from Reefton won the cup, followed
closely by the evergreen cutter Denis
McLaughlin, from Ngahere. John
Waters from Murchison was third
and Charlie Morgan from Timaru
In the big chop of the day, the
Steer Johnson Cup, after three
heats the top 12 were found, which
included two fathers and sons.
First-year cutter Jack Stephens,
from Takaka, won the event followed
closely by Logan Tinomana,
formerly of Karamea and now
Christchurch, Willie Abel (Picton)
and Gary Duffy (Canterbury).
The Last Resort Challenge was
held on Sunday and the Karamea
chop was the last opportunity for
axemen to collect points for the
Points are won over the season and
the eight choppers with the most
points cut off in the challenge.
This year Owen Wratt, the young
axeman from Inangahua, cleaned up
to win convincingly from young Jack
Stephens, from Takaka. Results p9
Greymouth speedway ace
Brandon Parkinson was in top
form on Friday night, breaking
the lap record twice at the
Woodford Glen Speedway
modified invasion meeting, in
Parkinson and three other
Greymouth drivers Steve
Thompson, Atama Holland,
Tyler Stanton and Iain Whyte
competed against 22 cars from
all over New Zealand, including
Huntly and Wellington.
Parkinson won the first heat
with an impressive drive and very
He was running up by the
wall, which entertained the
crowd. D uring that race
Parkinson broke the lap record
His fastest time was 15.6217s.
Thompson had held the lap
record since last season, the West
Coast drivers proving hard to
The final night was supposed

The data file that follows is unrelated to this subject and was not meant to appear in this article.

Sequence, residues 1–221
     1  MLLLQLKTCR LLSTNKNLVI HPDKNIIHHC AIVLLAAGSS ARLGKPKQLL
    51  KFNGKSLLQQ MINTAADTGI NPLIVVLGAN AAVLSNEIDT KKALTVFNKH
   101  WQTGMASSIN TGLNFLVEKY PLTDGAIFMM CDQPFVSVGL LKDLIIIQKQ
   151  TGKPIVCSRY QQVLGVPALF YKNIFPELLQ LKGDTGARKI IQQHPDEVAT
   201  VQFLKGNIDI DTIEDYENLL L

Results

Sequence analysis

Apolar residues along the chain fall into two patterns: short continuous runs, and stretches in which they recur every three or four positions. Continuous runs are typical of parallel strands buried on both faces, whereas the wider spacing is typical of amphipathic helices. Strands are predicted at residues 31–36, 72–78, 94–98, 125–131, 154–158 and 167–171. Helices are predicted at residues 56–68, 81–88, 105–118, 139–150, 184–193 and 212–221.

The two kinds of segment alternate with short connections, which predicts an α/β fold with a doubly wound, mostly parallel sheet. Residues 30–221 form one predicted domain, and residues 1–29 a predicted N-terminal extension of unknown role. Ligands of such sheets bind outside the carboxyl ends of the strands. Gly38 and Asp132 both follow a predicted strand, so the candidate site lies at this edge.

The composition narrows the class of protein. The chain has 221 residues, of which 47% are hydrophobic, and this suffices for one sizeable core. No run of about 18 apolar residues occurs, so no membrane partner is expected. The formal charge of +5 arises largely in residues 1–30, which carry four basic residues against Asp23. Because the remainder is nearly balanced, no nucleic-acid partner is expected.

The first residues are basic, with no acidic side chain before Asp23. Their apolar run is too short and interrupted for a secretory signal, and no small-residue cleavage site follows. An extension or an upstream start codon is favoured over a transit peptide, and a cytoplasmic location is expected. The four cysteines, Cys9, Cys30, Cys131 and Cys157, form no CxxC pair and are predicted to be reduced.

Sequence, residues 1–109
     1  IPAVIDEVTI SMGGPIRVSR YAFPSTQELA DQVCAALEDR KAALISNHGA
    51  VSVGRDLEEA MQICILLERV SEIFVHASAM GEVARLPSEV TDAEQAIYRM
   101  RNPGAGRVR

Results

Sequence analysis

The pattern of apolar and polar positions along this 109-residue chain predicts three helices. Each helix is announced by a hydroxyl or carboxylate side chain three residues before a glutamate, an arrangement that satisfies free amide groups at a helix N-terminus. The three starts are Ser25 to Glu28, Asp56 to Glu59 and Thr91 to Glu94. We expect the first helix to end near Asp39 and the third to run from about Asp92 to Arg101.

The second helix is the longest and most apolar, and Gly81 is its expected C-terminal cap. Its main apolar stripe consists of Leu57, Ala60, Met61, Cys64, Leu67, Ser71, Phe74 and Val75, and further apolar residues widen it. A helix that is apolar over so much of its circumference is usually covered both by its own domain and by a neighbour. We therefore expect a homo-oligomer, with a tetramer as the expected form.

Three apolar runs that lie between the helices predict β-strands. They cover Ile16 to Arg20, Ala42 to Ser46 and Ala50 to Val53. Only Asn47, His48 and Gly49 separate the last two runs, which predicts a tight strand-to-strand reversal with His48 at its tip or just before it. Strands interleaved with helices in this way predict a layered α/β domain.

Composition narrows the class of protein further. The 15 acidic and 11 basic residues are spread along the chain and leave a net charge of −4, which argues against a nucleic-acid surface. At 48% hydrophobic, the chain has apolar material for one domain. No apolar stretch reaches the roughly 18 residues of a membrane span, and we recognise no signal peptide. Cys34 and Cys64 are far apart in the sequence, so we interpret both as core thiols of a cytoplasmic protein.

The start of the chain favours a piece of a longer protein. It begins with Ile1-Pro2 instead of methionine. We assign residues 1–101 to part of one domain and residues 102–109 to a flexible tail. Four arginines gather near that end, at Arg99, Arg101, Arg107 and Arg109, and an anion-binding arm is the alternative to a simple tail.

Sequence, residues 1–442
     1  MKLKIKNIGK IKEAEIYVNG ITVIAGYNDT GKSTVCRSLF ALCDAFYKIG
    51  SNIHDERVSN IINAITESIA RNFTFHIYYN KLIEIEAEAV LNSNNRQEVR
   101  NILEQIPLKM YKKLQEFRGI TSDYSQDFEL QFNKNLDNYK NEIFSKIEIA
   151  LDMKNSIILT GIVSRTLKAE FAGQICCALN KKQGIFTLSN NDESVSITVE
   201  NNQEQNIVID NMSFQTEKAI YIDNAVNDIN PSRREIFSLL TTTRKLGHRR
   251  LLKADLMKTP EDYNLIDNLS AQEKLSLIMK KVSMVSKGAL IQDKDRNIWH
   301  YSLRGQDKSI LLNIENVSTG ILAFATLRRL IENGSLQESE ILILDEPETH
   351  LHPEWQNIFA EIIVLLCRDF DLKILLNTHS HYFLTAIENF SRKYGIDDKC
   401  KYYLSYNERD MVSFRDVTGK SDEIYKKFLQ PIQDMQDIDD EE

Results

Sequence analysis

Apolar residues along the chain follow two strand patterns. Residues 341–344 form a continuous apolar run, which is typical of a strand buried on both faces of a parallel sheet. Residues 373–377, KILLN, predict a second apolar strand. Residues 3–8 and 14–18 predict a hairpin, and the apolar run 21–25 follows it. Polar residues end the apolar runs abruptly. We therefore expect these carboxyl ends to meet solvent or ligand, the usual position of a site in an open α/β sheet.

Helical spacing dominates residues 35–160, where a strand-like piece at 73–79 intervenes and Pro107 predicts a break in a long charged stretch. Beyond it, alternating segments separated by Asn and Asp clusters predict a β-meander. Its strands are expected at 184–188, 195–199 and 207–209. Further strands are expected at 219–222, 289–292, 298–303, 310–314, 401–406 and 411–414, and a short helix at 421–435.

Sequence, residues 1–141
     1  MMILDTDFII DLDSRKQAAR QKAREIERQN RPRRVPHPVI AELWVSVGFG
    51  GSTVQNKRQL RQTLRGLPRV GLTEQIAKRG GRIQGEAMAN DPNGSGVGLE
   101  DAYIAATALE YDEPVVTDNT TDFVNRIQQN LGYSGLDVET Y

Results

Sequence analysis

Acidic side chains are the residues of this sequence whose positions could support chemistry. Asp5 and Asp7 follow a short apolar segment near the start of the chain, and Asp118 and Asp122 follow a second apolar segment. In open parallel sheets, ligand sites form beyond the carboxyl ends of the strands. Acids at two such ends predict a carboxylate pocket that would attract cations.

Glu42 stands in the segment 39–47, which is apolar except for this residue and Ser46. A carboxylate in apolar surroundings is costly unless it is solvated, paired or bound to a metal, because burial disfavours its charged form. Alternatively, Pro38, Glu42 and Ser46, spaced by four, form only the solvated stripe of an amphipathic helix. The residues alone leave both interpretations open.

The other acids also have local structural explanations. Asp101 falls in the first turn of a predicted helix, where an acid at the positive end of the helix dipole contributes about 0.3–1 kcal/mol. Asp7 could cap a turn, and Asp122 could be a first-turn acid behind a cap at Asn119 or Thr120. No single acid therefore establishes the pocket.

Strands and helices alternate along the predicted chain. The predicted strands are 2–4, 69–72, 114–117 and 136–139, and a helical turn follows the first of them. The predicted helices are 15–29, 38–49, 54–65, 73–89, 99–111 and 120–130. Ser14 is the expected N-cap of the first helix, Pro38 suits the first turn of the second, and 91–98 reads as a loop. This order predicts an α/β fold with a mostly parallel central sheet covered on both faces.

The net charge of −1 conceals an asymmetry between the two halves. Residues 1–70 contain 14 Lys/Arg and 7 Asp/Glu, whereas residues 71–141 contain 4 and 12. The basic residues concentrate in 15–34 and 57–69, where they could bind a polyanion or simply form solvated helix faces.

to be raced on Saturday, however
it was postponed due to the
Parkinson is sitting in first
position, with the same points as
Huntly driver Bradley Lane.
This weekend Parkinson will
race in Huntly at the Speedfest
meeting and the following
weekend he and Thompson will
attend the Dirt Cup, in
Winners of Last Resort Challenge — sponsor Ed Tinomana, back left, Ross Birchfield (Nelson) third, Tom Daly (Ngahere) fourth,
Tim and Willie Abel (Picton), Charlie Morgan (Timaru), Denis McLaughlin (Ngahere), Jack Stephens (Takaka) second, front left, and
16-year-old winner Owen Wratt, from Inangahua.
Chopping cups hotly contested
Tony Dense wedges for former Hokitika axeman Adam Lowe, now of Nelson, in the rain at the
Karamea chops at the weekend.
Leading New Zealand road
professional George Bennett has
continued his impressive start
to 2017 by finishing ninth in
cycling’s Tour of Catalunya in
Bennett was ninth across the
line in the seventh and final stage
in Barcelona, leaving the Team
LottoNI-Jumbo rider just over
three minutes behind Spanish
tour winner Alejandro Valverde
The result comes a month after
Bennett opened his 2017 World
Tour campaign with a seventh
placing on general classification
at the four-day Abu Dhabi Tour.
Bennett ’s form belies a difficult
off-season spoiled by glandular
fever. He was delighted with his
performance in Spain and praised
the teamwork of his Dutch outfit.
“Great week ripping around
the hood with the boys,” Bennett
said. “Seriously hard at moments
but one of our best as a team.”
Bennett, 26, is coming off a
breakthrough 2016 in which the
highlight was his 10th placing at
the Tour of Spain. — NZ N
Bennett happy with ninth in Spanish tour
smashes more records
PICTURE: Mainland Photos
Greymouth speedway driver Brandon Parkinson in action at Woodford Glen Speedway on Friday
night. He broke the lap record twice.
Parkinson aces lap record
Black Caps captain Kane Williamson was caught out just before lunch for 176.